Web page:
H+U+D Invites Applications for 2020-21 Junior Fellows—

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Mellon Junior Fellows 2020-21

Application deadline: January 26, 2020

The initiative in Humanities, Urbanism, and Design (H+U+D) at the University of Pennsylvania is a ten-year project funded by the Andrew W. Mellon Foundation to foster critical and integrative considerations of the relationship between the humanities and the design professions in the analysis and shaping of the built environment. Under the renewed grant (beginning in 2018), the initiative takes “The Inclusive City” as its theme, focusing on issues of inclusivity and diversity. The program has a number of component parts, including a bi-weekly Faculty Colloquium, the sponsorship of graduate and undergraduate courses, student research funding, an Undergraduate Colloquium, special lectures, participation in conferences, a Doctoral Dissertation (ABD) Fellowship program, and a Junior Fellowship program. For more information on the initiative see: https://live-penn-iur-hud.pantheonsite.io/

Applications are now invited for two one-year Junior Fellowships to be held in 2020-21. One fellow will be selected from the humanities and one from design-related fields such as planning, architecture, and landscape. Each will be hosted at Penn by a department in the other discipline.

Mellon Junior Fellows will be selected on the basis of their ability to contribute, through research and teaching, to the interdisciplinary aims of the initiative. Preference will be given to projects related to the “Inclusive City” theme. During their nine months in residence, Junior Fellows will have the opportunity to pursue their own research. They will participate in the bi- weekly Colloquium, present their research at one of the Colloquium sessions, and will participate fully in the academic life of their host departments. In the spring semester they will teach an undergraduate seminar, which may be co-taught by the two fellows.

Eligibility

Applications are invited from junior scholars in all humanistic and design disciplines whose work deals with the built environment of cities, landscapes, and architecture, in relation to the Mellon initiative’s theme focusing on diversity and inclusion. Applicants for 2020-21 will hold a PhD that was defended no later than December 2019 and who will have held the PhD degree for no longer that 10 years on September 1, 2020. Candidates may hold tenure-track positions but may not be tenured at the time of application or during the fellowship year. Applications are welcome from scholars of all nationalities and academic affiliations.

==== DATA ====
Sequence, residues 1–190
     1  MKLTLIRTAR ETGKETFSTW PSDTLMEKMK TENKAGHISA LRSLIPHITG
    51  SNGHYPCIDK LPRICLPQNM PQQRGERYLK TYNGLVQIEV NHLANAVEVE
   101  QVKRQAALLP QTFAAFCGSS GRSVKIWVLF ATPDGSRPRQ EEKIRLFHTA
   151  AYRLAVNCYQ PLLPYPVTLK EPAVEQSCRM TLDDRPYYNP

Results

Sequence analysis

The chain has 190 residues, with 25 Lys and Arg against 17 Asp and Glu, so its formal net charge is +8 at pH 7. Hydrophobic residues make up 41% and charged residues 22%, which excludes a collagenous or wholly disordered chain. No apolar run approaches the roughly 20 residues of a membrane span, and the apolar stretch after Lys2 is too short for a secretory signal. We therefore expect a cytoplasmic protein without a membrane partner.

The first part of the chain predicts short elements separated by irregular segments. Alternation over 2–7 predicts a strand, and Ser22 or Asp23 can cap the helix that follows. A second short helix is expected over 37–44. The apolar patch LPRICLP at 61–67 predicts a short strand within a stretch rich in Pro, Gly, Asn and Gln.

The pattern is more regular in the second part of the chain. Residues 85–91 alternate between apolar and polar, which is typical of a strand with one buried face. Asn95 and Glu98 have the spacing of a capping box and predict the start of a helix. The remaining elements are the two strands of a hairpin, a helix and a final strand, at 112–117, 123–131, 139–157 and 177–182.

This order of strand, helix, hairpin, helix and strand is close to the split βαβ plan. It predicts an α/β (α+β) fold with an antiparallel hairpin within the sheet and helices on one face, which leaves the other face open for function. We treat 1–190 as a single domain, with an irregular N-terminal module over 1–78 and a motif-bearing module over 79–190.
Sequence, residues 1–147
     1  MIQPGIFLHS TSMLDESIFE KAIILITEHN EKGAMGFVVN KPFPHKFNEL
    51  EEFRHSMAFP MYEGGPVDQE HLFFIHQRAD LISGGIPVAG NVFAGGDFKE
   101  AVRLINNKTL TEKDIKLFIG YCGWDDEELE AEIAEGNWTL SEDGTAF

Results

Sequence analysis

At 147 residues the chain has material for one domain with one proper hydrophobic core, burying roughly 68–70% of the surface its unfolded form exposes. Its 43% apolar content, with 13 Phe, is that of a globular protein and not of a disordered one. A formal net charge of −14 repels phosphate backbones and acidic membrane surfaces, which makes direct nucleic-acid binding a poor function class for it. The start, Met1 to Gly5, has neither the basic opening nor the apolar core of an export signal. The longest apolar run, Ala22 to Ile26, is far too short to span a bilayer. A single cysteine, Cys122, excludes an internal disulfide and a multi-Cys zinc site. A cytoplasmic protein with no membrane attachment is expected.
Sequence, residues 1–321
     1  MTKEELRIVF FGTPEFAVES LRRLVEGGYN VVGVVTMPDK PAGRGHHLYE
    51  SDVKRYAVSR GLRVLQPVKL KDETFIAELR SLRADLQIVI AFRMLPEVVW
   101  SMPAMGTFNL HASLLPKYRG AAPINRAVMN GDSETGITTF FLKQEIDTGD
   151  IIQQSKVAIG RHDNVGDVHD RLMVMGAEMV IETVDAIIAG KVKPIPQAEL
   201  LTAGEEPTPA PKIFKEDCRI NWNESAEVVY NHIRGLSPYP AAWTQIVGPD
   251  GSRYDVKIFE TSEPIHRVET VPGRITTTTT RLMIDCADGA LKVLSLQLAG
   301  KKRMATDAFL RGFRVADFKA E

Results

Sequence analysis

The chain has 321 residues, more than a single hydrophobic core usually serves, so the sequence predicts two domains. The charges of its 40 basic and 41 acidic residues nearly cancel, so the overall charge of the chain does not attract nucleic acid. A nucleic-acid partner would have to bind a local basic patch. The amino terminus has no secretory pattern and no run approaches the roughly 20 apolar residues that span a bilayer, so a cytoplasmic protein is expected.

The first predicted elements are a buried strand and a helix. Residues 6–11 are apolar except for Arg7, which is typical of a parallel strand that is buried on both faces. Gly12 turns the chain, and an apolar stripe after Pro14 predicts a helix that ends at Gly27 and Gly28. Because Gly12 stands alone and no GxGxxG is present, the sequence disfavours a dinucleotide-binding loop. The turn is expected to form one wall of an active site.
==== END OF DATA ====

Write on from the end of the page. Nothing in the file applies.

The University of Pennsylvania values diversity and seeks talented students, faculty and staff from diverse backgrounds. The University of Pennsylvania does not discriminate on the basis of race, color, sex, sexual orientation, gender identity, religion, creed, national or ethnic origin, citizenship status, age, disability, veteran status or any other legally protected class status in the administration of its admissions, financial aid, educational or athletic programs, or other University-administered programs or in its employment practices.

Terms of appointment

The fellowship stipend is $55,000. Health insurance will be provided for fellows but not for family and dependents. Fellows may employ the stipend to supplement their sabbatical salaries. As participants in the Colloquium, they will receive a research fund of $2,500, which will be disbursed according to University guidelines.

Fellows are required to be in residence in Philadelphia during the academic year in which the fellowship takes place (August 26, 2020–May 17, 2021).

Application Guidelines

Applications and letters of reference must be received by January 26, 2020. These materials should be sent to Ms. Alisa Chiles, H+U+D Program Manager (mellon-hud-initiative@groups.sas.upenn.edu).

Applications should be assembled as one PDF comprising

1. cover sheet (template attached as Word document and also available on website)

2. curriculum vitae

3. research proposal (750 words maximum)

4. undergraduate seminar proposal (200-word description plus syllabus)

Your PDF and the email that conveys it should be titled <Your last name> HUD application; e.g., Chakrabarty HUD application

Also arrange to have three letters of reference, which discuss your research proposal, sent directly to Ms. Chiles (mellon-hud-initiative@groups.sas.upenn.edu) by the application due date of January 26. The letters should be in the form of PDFs, and the PDFs and the emails that convey them should be titled

<Your last name>_<Reference writer’s last name> HUD reference; e.g., Chakrabarty_Ramirez HUD reference

Address questions to

Daniel A. Barber barberda@design.upenn.edu or Andrea Goulet agoulet@sas.upenn.edu

HUD Junior Fellow Application Cover Sheet

Search for the Next Mellon Junior Fellows in Humanities, Urbanism and Design—

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Applications are now invited for two one-year Junior Fellowships to be held in 2016-2076.

One fellow will be selected from the humanities and one from design. Each will be hosted at Penn by a department in the other discipline.

Mellon Junior Fellows will be selected on the basis of their ability to contribute, through research and teaching, to the mission of the initiative.  During their ten months in residence, they will have the opportunity to pursue their own research. They will participate in the bi-weekly Colloquium, presenting their research at one of those sessions, and they will also participate fully in the academic life of their host departments. In the spring semester they will teach an undergraduate seminar, which may be co-taught by the two fellows.

For full job description,
HUD Junior Fellow JobDescript 2016-17
Junior Fellow application cover sheet